NHTSA Investigation Reveals Other Potential Factors Leading to Fatal Lexus Crash

On September 29, I wrote about a fatal crash that occurred this past August near San Diego, California that led Toyota to recall approximately 3.8 million vehicles.   According to investigators, the 2009 Lexus ES 350 being driven by a California Highway Patrol Officer  as a loaner vehicle from a Lexus dealership accelerated to as fast as 100 mph before striking another vehicle, launching off an embankment, rolling several times and bursting into flames.  Four people died in the crash.  Just before the crash occurred, a 911 call from one of the vehicle’s passengers told police the vehicle had no brakes and that the accelerator was stuck.  Investigators believed the driver’s side floor mat was the culprit. 

The National Highway Traffic Safety Administration’s investigation into the California crash is  revealing  more potential factors in the cause of the crash than just the design of the driver’s side floor mat., including the following:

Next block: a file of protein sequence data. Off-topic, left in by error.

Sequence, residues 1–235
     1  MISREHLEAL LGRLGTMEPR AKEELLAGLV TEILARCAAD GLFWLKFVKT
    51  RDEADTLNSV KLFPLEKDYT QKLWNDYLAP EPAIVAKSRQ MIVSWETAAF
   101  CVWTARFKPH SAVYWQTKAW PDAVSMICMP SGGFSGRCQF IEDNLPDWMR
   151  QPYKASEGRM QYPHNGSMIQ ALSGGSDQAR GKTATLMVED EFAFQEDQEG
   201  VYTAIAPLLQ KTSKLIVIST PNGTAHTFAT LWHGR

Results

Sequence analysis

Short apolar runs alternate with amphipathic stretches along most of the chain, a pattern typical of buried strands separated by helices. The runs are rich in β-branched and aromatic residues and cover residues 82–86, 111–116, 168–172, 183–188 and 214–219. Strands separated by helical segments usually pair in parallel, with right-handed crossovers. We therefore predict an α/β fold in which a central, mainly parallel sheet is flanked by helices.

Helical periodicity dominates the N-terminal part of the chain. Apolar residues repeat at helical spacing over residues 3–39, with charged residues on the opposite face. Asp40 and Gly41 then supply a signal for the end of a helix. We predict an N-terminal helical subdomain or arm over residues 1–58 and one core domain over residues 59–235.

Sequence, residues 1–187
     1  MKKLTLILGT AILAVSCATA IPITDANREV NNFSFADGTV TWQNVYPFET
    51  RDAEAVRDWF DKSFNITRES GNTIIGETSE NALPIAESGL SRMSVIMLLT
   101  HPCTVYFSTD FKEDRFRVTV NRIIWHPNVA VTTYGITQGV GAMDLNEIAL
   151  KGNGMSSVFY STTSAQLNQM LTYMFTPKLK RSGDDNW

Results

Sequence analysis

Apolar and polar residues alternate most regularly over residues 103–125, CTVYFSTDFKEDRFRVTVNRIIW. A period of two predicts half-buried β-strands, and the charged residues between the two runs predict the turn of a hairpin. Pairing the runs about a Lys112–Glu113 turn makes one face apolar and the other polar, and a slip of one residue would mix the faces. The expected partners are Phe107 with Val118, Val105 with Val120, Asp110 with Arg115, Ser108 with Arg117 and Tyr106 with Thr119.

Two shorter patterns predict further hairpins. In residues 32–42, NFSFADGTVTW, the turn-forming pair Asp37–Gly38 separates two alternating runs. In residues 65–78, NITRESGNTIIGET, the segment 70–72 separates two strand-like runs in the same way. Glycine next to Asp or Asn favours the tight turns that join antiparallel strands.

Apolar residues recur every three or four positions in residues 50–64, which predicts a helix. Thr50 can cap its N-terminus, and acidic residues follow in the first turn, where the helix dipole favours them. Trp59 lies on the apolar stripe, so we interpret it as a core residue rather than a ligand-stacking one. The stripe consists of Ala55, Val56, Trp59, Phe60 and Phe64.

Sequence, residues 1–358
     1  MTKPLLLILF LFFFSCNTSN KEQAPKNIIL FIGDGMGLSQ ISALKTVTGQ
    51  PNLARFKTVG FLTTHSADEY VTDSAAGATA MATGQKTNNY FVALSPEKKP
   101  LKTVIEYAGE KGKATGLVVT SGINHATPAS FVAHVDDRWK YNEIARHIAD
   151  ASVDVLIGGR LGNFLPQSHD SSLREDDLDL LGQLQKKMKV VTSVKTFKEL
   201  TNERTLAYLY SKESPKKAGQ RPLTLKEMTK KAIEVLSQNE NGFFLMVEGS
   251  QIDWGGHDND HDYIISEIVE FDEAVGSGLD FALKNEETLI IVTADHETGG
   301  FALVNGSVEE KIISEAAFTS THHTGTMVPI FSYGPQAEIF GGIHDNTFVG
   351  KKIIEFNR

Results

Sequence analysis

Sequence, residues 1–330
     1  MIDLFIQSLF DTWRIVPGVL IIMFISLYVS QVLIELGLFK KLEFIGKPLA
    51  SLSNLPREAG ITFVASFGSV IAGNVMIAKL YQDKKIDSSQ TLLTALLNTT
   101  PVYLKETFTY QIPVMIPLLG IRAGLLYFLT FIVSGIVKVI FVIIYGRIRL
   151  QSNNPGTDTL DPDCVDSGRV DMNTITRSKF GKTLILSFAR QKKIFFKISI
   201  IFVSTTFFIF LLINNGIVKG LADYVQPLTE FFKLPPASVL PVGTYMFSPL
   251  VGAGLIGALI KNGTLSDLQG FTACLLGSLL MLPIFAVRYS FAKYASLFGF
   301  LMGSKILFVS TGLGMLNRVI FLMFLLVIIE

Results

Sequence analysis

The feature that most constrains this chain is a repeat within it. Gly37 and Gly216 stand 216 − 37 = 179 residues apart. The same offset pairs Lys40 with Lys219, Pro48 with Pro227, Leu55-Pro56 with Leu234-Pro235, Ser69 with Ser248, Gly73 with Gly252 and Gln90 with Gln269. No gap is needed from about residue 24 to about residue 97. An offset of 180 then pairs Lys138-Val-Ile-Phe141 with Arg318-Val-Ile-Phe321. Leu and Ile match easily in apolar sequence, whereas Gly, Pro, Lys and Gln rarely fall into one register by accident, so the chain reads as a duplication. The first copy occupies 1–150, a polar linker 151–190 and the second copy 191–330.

• The driver’s side floor mat was made for the Lexus RX400h SUV, not the Lexus ES350.
  • The Lexus at issue had a keyless ignition, which uses a start/stop button to start and stop the engine. There is no traditional key to turn if you need to shut the engine off in an emergency. In the case of the ES350, the button needs to be held for three seconds before it will turn off the engine if the car is in gear. Toyota says it considered this a safety feature to prevent the engine from turning off if the button were pressed accidentally. However, the NHTSA report points out that the Lexus at issue was traveling 100 mph—that’s the equivalent of traveling one and a half football field in three seconds.  Also, NHTSA pointed out that there is no instruction near the dashboard that tells owners or operators about how to shut down the engine by holding it down for three seconds..

The initial report filed by the NHTSA can be reviewed by going here.